What to Cut – Fossil Ammonites


Fossil ammonites are highly sought after by fossils collectors and by lapidaries for jewelry designs. The colorful iridescent display catches the eye.

Varieties of Fossil Ammonites

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Smaller-sized fossil ammonites are often used to carve out the inner cells to inlay stone material. The larger size fossils are cut to form cabochons.

The Cleoniceras Ammonites from the north side of Madagascar are the most sought after for their size and beautiful root beer iridescent colors with intertwining fern leaf patterns. The golden-brown coloring is from the fossilization of 120 million years of water mineralization replacing the shell with calcite. This material is on the soft side, but still stable enough to work.

Purchasing Considerations

There are several factors to consider when searching for materials to purchase:

• If you have not seen a whole ammonite in person, know that both sides are uneven. Spirals on the inside are tighter and thinner than at the opening of the shell.

fossil-ammonite• A fossil ammonite is entirely curved with no flat surfaces. This can create a challenge in the cabbing process.

• Look carefully at both sides of the ammonite to see how much working area you will have since you will be cutting it in half to use both sides for cabochons.

• Gray patches are usually porous, crumbly and unusable, so focus on the areas with color.

• Hollowed cells inside can mean you don’t have enough material to cut cabs unless the cells are filled or backed.

Getting Started

fossil-ammoniteFirst, cut the entire ammonite in half creating two identical portions to use. Then examine the inside to see if it needs to be filled with epoxy or backed for stability.

Once you have the two sides cut and prepared, you are ready to draw out your design. Carefully choose areas that can be cabbed that don’t have a great deal of an arch across the top or an uneven area that will have to be ground down to an equal height causing you to lose the top coloring on a portion of your cab. Remember that the outer layer is much darker, iridescent and thin.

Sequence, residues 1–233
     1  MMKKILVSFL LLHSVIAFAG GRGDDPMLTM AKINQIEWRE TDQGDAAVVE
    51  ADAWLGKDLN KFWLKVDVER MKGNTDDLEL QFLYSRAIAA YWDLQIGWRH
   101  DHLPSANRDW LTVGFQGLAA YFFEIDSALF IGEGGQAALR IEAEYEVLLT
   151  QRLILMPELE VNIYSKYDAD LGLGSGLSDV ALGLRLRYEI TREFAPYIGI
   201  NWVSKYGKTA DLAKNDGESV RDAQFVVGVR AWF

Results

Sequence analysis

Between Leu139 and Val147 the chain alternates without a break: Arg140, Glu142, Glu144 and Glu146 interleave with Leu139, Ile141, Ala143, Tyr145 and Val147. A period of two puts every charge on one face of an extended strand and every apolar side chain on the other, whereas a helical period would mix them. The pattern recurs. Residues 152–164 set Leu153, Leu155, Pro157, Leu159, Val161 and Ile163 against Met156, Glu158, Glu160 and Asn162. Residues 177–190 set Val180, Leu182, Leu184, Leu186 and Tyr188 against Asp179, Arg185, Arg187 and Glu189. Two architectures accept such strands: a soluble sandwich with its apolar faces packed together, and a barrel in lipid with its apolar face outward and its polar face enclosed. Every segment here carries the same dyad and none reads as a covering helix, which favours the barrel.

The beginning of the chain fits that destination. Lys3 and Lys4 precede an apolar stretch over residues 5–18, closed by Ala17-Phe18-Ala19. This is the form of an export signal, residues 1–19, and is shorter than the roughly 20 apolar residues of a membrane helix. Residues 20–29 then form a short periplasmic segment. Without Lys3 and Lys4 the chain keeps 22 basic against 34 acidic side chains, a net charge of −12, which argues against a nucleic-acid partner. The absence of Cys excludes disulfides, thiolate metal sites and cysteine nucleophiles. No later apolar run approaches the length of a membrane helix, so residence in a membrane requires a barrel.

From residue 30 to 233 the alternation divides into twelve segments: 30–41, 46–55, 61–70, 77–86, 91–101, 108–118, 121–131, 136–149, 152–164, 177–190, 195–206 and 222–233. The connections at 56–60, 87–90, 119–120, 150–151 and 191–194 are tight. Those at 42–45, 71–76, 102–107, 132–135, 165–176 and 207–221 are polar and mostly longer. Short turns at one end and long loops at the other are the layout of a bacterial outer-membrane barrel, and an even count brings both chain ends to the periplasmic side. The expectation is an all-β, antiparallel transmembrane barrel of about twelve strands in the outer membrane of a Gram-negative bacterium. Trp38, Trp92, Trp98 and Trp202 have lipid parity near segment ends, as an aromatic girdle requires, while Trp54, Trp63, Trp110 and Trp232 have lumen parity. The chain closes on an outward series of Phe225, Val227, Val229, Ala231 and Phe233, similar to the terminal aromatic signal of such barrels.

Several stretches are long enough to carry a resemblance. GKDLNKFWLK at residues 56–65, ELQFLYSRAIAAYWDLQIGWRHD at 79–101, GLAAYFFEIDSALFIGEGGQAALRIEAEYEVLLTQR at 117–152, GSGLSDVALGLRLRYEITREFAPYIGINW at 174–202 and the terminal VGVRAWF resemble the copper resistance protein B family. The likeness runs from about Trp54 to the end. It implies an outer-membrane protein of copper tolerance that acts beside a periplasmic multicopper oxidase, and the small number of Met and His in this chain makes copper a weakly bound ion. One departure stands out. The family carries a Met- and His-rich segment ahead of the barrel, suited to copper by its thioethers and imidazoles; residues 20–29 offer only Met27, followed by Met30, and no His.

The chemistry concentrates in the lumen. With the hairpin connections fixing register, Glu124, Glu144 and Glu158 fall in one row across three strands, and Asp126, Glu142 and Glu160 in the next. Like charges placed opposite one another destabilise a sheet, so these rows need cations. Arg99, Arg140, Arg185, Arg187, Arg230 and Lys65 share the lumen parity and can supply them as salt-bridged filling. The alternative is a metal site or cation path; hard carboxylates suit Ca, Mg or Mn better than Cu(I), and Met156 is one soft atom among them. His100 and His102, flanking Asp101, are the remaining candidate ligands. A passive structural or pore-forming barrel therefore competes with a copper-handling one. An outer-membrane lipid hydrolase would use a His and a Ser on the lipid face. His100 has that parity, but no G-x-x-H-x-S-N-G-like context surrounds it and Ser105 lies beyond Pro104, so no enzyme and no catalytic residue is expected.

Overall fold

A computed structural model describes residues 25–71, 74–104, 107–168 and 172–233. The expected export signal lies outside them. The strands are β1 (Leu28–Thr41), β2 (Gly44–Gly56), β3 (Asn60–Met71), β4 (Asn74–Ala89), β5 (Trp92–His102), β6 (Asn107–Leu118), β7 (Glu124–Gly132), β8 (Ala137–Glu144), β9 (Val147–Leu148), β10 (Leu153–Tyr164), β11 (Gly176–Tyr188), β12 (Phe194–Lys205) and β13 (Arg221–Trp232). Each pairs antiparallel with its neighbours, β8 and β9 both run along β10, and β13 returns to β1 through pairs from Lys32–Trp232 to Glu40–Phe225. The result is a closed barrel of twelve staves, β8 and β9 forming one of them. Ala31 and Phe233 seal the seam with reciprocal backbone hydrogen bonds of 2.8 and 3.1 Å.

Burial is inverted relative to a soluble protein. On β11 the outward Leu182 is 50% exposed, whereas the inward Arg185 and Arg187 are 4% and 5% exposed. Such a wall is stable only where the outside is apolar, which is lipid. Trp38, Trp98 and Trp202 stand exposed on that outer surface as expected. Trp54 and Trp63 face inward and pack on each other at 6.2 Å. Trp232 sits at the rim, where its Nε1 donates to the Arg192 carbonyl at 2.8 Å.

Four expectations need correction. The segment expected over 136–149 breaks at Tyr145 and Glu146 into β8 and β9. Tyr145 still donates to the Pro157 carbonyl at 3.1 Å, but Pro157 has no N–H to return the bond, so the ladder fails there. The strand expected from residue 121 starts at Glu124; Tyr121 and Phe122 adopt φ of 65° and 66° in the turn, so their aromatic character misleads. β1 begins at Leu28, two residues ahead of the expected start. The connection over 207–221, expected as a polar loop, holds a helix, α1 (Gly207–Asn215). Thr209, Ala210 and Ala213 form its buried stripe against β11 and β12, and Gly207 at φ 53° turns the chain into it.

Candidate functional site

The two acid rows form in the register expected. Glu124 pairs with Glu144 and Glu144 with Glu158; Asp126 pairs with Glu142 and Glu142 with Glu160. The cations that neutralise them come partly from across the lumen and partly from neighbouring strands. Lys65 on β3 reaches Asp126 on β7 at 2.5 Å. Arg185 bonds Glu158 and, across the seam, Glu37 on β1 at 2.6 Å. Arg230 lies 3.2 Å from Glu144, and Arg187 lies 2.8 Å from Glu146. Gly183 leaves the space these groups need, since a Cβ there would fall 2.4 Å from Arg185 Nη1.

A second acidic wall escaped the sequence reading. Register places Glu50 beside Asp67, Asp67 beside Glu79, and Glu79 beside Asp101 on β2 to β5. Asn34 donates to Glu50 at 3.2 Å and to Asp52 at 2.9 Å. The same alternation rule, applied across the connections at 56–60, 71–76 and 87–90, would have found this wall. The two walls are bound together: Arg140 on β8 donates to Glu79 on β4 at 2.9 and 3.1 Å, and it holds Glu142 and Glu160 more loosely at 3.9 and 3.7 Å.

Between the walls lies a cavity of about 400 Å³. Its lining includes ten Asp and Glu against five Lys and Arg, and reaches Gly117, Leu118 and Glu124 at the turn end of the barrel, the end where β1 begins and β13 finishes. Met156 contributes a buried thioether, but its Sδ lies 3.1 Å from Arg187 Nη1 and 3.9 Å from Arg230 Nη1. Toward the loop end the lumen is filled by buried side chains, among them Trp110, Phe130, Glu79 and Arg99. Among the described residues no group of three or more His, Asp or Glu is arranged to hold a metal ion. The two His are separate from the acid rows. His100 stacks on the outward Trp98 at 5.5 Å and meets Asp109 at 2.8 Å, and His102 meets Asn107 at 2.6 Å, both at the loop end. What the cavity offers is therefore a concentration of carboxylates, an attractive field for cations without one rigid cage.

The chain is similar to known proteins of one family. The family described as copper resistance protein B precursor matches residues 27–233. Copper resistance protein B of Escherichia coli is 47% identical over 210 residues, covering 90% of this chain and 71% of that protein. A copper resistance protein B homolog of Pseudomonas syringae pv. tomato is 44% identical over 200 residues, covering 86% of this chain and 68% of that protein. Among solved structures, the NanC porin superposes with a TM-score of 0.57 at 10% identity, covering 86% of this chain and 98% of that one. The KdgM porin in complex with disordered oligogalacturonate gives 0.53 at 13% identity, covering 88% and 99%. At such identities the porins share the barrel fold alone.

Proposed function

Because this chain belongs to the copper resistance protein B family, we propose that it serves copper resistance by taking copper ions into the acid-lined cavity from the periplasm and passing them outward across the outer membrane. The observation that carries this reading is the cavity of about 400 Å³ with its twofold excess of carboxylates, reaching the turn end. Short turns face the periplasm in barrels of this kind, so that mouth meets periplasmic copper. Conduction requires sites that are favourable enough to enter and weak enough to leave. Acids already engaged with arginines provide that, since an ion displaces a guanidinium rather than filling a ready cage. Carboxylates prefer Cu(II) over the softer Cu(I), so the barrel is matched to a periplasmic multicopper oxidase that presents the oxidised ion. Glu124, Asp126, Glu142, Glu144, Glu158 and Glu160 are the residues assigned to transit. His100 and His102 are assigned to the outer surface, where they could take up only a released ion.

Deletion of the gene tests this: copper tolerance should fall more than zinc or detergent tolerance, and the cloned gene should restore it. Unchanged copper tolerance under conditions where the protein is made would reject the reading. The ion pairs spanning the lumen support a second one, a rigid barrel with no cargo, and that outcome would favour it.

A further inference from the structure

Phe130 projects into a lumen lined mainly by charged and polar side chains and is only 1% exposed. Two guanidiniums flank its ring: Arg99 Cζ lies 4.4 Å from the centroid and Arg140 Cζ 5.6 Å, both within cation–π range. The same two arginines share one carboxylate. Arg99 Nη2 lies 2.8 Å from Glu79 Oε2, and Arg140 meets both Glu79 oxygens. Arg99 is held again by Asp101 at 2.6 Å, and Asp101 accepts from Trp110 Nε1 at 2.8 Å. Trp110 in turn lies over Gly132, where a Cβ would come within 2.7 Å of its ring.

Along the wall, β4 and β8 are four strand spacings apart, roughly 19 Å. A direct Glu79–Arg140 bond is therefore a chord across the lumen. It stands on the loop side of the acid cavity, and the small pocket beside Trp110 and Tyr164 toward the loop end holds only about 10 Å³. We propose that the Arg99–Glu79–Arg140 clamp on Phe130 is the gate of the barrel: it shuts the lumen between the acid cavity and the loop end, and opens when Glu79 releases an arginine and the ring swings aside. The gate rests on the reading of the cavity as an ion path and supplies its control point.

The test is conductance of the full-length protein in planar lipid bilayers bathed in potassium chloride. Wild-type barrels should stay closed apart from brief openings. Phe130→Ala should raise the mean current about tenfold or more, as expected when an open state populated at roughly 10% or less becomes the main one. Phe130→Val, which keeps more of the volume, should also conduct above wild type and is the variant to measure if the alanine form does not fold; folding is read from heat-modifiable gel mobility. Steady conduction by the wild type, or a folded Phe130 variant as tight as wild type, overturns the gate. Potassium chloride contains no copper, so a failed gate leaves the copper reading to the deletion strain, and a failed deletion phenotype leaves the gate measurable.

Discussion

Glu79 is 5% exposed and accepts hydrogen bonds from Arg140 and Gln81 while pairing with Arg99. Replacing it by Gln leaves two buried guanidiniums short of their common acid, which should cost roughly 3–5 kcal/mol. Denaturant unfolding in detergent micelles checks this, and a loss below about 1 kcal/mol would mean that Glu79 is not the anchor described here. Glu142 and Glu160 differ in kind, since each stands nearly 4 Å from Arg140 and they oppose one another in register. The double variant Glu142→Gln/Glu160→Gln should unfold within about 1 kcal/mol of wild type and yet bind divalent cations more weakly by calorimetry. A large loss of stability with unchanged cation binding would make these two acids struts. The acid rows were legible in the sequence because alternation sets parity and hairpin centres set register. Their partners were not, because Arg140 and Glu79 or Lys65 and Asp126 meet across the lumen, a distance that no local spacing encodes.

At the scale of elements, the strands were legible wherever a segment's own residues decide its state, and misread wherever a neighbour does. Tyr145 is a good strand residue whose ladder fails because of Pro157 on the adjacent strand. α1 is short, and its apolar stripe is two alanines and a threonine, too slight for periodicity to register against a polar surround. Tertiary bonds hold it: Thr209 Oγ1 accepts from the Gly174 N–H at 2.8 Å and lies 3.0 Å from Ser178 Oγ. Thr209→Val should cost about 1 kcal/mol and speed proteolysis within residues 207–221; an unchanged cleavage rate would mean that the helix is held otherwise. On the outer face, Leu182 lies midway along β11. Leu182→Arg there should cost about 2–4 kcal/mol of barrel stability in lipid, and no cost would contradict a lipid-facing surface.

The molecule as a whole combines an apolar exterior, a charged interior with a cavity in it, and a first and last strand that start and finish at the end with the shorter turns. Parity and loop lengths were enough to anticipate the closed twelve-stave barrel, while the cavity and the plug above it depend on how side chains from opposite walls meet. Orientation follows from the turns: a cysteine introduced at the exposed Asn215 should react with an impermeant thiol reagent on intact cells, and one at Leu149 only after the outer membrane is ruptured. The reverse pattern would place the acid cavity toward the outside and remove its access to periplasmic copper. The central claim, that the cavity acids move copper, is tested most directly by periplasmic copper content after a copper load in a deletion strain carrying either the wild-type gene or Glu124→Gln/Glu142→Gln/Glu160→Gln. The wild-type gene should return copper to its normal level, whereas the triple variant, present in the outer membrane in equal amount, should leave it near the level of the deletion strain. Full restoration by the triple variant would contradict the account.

Because it’s comprised of calcite, it’s easy to grind through the top layer and lose that lush darker color. It will sand down too far yielding a light golden yellow and the pattern may be lost. To make sure this doesn’t happen, cut your preforms to the shapes you desire, and grind the backside flat as you attempt to make an even girdle height around the sides.

Cabbing Fossil Ammonites

It’s best not to use heavy coarse grit wheels and go right to the 280 soft resin wheel to gently dome the top of your cab and finish shaping it. There’s not much you need to do, since the 280 will grind this soft material rapidly. Do only the bare minimum at this stage!

Once you have it shaped and domed, allow the 600 grit wheel to remove any remaining scratches. Be sure to dry your cab off thoroughly and check for scratches and to see if you are removing too much of the top layer.

fossil-ammoniteNow you can move forward to the 1200 grit stage, continuing to use a gentle touch. Even the 1200 grit can remove material when it’s this soft. To finish, use a 14k grit soft resin wheel. It should bring your piece to a beautiful gloss finish with no need to go any further.

If you desire to attempt a mirror glossy finish, you can use Zam polishing compound and a polishing tip on a Dremel. Do only the bare minimum so you don’t overheat and crack your cab.

This What to Cut column about fossil ammonites previously appeared in Rock & Gem magazine. Click here to subscribe! Story and photos by Russ Kaniuth.


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